Best Bullet Grains For 1 In 7 Twist
Hornady 75 grain bullets usually shoot well from 1/9, but some rifles won't shoot them for shit. 75's and 77's are your go to for magazine fed bullets and longer range shots. The 1/7 will stabilize them for sure. 55 grain and 62 grain FMJ's are perhaps the lowest quality bullets available. What grain bullet is best for a 1:7 twist barrel? :?: After a long absence, I want to get back into EIC and service rifle competition. I have a Colt Sporter Match Heavy Barrel in 5.56 mm of course, and according to what I remember it is a 1:7 twist barrel. What grain bullet have you guys found has the best accuracy out of a 1 in 7 twist 5.56 barrel? I wouldnt mind having some good load info also but its pretty hit or miss what they have in stock for powder around here right now.
Higher number twist rates perform better with lighter grain bullets, while lower number twist rates perform better with heavier grain bullets. Common wisdom for 5.56 NATO and .223 Rem. indicates those barrels with a rate of rifling at 1:9 or slower (1:10 etc.), in general, perform best with lighter bullets—60 grains or less. My personal AR with 1 in 7 twist does best with bullets 69gr and up. The 55 and 62 gr usually have groups twice as large. Paranoia is more than a personality trait, it's a survival skill. 06-04-16, 16:11 #3 you should have no problems with any bullets from around 50 grains and up. i think a pretty good rule of thumb is 1/7 for bullets of 50 grains and up, and for 1/9 70 grains or less. FlyinBryan, Sep 19, 2011 #2 I always buy 1-8 twist barrels they will stabilize 75-77 bullets no problem no matter the barrel length, which are the heaviest bullets that can be magazine length loaded. 223 can't be loaded hot enough to get even very lite bullets 35gr to come apart so really there is no downside to going with the 1-7 twist in 223 and you can shoot any bullet weight.
Using them will allow you to estimate the heaviest/longest bullet a gun will stabilize based on the caliber (left-most column) and twist rate in inches (top-most row). For example, a 45 (.457) caliber rifle with a twist rate of 1 in 18″, should be able to stabilize a bullet up to 672 grains or 1.74″ in length. Twist rate is measured in inches and displayed as a ratio of 1 revolution per "X" number of inches. For example, the rifling of a barrel with a 1:7 (1/7, 1-7, 1 in 7, etc.) twist rate makes a full revolution every 7 inches. The best twist rate for a given bullet is determined based on the projectile's length, diameter, and weight. After testing settled on 66.8 grains of Reloader 26 with a MV of 3088. Did a water jug test yesterday @ 250 yards. Great expansion and 111 grains of bullet left intact. If you are shooting farther and want a higher bc you could experiment with the Accubond LR. Won't know until fall how the bullet works on deer size game. My
Another example is current issue 5.56mm M856 tracer ammo. That round weighs in at 63.5 grains and requires a 1:7 twist to properly stabilize, because it's so long A typical length .224 bullet @ 63.5 grains would stabilize just fine out of a 1:11. I myself, have shot M856 out of a 1:9 Bushy and had keyhole strikes at 25 yards. 1-in-10 Inches Twist Rate. My first centerfire rifle was a Ruger Mini-14 with a 1-in-10 twist. This is a good twist rate for lighter bullets and will also generally stabilize projectiles up to 69 grains, such as Federal Premium's Sierra MatchKing BTHP load. If you're happy with 55- and 62-grain FMJ bullets, you don't need any more twist than this. As we get faster and faster twist rates - this is becoming more of an issue. I personally know a few guys with 1:7.5 Creedmoors that are having the Hornady Match projectiles spinning their jackets off on them mid-air. Twist rates and bullet weight are often understood, but there are some simple and practical guidelines.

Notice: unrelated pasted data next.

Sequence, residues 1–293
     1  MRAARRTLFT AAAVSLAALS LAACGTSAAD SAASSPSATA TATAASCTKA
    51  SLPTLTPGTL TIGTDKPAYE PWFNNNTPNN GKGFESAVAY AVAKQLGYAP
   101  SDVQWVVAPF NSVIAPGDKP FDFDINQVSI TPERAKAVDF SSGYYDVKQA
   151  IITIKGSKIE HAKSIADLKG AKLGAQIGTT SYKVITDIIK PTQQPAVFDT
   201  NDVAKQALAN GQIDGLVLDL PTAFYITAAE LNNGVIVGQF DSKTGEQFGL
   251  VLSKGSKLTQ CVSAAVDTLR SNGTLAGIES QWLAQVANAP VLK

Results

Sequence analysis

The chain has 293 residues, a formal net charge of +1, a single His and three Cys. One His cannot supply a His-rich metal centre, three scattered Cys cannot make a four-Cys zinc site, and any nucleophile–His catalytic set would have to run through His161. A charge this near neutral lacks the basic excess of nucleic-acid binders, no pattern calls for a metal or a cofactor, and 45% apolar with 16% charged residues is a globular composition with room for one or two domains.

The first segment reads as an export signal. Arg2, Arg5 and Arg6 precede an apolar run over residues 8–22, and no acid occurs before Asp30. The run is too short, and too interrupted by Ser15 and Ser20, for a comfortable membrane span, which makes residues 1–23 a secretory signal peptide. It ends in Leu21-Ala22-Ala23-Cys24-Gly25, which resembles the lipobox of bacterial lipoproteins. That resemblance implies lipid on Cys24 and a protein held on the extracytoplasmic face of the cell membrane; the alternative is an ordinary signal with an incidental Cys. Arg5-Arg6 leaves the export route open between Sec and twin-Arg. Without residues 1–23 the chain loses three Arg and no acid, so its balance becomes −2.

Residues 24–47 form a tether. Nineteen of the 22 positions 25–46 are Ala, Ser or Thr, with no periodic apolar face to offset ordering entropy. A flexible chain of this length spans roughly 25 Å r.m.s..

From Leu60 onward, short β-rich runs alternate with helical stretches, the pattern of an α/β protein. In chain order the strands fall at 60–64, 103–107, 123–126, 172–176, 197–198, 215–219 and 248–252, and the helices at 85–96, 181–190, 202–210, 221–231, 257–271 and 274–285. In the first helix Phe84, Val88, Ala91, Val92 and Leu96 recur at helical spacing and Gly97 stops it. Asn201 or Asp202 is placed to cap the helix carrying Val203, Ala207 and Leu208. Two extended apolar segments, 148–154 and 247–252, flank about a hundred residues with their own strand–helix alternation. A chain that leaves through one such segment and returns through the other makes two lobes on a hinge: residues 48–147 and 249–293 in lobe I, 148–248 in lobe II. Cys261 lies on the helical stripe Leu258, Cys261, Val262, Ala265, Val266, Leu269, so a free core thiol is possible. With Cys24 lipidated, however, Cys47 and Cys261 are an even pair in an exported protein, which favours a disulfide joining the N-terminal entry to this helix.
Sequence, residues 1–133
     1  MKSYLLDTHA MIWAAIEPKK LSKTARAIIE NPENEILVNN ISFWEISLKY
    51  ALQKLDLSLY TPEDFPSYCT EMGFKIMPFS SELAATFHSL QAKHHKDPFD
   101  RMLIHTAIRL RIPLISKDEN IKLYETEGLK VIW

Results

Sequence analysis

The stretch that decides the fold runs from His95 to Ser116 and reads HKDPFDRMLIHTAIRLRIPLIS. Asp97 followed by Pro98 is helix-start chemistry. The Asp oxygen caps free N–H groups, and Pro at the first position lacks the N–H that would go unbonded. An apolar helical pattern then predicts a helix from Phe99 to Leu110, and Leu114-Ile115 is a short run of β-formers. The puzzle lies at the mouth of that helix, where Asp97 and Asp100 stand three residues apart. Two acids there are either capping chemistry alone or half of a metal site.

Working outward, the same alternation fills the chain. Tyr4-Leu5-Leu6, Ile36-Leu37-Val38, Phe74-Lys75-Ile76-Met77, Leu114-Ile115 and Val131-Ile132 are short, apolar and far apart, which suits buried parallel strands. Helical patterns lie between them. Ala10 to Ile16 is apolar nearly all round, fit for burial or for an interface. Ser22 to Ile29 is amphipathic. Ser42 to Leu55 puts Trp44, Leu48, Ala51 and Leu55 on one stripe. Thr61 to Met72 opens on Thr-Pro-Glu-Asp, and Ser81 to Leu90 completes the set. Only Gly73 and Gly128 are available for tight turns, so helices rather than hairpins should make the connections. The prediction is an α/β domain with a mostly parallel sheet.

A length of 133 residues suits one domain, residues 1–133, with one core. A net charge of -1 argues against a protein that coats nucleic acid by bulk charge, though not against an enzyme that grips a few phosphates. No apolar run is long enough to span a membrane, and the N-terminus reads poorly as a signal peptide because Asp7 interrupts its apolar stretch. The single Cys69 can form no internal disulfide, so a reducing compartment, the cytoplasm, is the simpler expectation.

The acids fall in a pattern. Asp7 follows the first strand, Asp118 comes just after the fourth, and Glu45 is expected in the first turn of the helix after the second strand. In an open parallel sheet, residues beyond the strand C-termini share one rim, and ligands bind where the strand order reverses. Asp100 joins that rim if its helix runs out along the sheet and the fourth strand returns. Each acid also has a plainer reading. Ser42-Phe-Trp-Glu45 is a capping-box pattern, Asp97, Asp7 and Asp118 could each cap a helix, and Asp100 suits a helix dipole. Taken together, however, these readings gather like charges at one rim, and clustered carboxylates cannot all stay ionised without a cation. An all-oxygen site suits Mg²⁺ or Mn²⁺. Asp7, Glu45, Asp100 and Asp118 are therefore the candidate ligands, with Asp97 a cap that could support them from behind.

Barrel Twist How many "inches per turn" is your rate of rifling twist. This number is used along with other inputs to determine the stability and related trajectory metrics. Typical value for this input is between 1:7" and 1:13". It does not require a heavy bullet but heavy bullets require a 1/7 or a 1/8 twist. I shoot 77 grain bullets in my 1/7 and 1/8 guns for matches and accuracy work. I use 55 grain ball for plinking. I know the AR556 has a 1/8 barrel twist rate and that will help stabilize larger weight bullets, but to what extent. I was reading an article about a 77 grain bullet that recommended a barrel with a 1/7 twist, so it got me wondering what bullet weights are ideally suited for the 1/8 twist the Ruger has.
Lastly, the 1:7 twist barrel is the "mil-spec" choice, as the U.S. military adopted this setup in the 1980s for its M16A2 rifle running a 62-grain M855 5.56 round. The 1:7 barrel, found in the M4, M16A4, Mk12 SPR and HK416, can stabilize up to a 90-grain bullet, and handles 70- to 77-grain projectiles across a wide spectrum of velocities. 7.62x51 went to the 147 grain bullet. That was the standard for use out of the 24" 1/10 Garand and Springfield 03 barrels. It was and the marksmen of the era made sure to test ammo and put aside good lots that performed in their rifles. The early M16A1 utilized a rifle twist rate of 1:12 to stabilize the 55 grain M193. After the adoption of the M16A2, the military started using a 1:7 rifle twist, which was faster. The rifling made a complete revolution within 7″ now instead of 14." We are talking twice as fast.